It outlines a procedures for filing and hearing harassment complaints.
Frederick, Md (KM) In a unanimous vote last week, the Frederick Board of Aldermen adopted an amendment to its ethics ordinance which makes it a violation for elected officials to engage in harassment. The panel also approved a resolution which provides a means to file a harassment complaint against elected officials, and for the Ethics Commission to conduct hearings and make recommendations.
“This ordinance adds a new subsection which prohibits harassment by elected officials,” said Rachel Nessen, Assistant City Attorney.
The resolution defines harassment, specifically sexual harassment, and outlines the procedures for filing a complaint, and the subsequent investigation. The policy will be administered by the Director of Human Resources who may appoint an outside investigator to look into complaints. The investigator will submit a final report which will be presented to the Ethics Commission for potential enforcement. Nessen says the Commission could “dismiss the complaint or hold a hearing. At the conclusion of which, they would have an opportunity to impose certain penalties, including but not limited to referring the elected official to mandatory counseling or issuing an official reprimand,”: says Nessen.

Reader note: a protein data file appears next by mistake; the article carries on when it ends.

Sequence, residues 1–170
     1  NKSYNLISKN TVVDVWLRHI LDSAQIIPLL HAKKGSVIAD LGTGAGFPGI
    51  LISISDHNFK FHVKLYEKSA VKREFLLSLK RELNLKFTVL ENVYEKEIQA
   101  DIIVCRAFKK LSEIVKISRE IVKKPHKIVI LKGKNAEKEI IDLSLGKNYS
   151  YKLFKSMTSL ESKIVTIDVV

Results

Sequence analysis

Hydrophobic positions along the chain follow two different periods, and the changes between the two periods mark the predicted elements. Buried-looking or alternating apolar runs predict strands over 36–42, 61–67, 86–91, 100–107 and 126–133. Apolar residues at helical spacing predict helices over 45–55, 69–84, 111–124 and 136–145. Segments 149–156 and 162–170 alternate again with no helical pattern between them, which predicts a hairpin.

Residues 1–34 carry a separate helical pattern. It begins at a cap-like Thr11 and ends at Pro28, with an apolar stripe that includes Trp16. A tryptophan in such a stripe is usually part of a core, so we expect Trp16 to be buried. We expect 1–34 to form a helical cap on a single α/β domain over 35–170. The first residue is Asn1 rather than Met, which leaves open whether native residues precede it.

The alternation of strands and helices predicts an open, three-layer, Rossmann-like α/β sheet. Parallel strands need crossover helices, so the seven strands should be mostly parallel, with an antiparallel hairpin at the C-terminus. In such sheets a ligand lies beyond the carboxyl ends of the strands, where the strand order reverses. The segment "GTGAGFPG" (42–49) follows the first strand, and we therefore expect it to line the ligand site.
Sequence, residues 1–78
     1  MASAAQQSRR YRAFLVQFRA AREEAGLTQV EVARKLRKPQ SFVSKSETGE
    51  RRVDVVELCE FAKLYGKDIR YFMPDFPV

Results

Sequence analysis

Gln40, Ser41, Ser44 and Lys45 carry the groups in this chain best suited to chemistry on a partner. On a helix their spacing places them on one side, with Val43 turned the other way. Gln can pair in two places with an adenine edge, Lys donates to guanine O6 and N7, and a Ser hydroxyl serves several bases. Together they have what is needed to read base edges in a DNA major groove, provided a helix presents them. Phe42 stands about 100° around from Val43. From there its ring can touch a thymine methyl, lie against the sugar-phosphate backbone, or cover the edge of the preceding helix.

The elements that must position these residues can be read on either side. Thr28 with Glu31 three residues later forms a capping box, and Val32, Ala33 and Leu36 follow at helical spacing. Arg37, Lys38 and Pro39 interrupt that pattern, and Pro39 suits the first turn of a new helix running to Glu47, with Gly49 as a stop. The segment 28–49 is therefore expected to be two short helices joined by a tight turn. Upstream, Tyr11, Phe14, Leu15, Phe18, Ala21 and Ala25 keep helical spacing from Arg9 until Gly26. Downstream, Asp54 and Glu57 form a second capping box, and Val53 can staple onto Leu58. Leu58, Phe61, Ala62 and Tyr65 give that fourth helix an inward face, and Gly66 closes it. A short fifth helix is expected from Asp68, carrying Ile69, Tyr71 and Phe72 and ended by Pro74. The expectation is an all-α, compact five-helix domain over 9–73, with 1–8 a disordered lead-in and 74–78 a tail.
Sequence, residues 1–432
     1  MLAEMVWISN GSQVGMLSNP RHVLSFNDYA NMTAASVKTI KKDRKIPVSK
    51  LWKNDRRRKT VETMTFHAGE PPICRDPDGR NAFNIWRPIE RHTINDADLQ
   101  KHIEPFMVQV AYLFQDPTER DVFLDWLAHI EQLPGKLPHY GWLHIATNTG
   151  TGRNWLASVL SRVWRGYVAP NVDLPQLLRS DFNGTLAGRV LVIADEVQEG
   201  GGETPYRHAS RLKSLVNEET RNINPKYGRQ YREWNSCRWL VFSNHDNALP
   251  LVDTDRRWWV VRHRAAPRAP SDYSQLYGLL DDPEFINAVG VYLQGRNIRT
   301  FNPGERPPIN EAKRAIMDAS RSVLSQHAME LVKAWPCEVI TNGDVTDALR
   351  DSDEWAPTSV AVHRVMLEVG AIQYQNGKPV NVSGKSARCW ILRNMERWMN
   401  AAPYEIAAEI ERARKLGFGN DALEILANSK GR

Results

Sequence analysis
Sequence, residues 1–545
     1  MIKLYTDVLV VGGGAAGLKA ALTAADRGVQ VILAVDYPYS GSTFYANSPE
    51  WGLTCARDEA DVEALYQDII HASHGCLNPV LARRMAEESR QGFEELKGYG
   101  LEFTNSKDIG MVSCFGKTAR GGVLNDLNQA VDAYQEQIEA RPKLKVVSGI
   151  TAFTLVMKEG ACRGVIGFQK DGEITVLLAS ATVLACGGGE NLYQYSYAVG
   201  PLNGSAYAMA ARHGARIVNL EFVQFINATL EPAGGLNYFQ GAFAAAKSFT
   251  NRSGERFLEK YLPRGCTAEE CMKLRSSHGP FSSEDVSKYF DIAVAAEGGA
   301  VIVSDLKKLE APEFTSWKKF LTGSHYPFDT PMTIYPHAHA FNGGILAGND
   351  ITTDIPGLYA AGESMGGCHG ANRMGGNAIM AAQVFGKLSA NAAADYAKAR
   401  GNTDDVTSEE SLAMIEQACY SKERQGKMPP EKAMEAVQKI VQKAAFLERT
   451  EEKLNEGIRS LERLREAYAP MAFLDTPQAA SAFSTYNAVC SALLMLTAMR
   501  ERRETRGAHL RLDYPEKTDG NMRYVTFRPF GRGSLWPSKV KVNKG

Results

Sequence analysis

Alderman Ben MacShane says the ordinance and resolution sends a message to men in the community “that any longstanding era of your harassing behavior being ignored or accepted or granted a role in this community that that era is over,” he said.
And Alderman MacShane continued:. “To the women in this community who have endured sexual harassment from an elected official: that was wrong, and I apologize to you for that happening,” he said. “This city failed you. This community failed you.”
These changes follow allegations of sexual harassment earlier this year against Alderman Roger Wilson. An investigation by an outside law firm concluded that Alderman Wilson’s actions did not constitute sexual harassment as defined by state and federal law. Wilson said this report cleared him.
The report also looked at Alderman MacShane’s actions in making these allegations public on social media. It concluded that his 1st-amendment rights protected his actions.
By Kevin McManus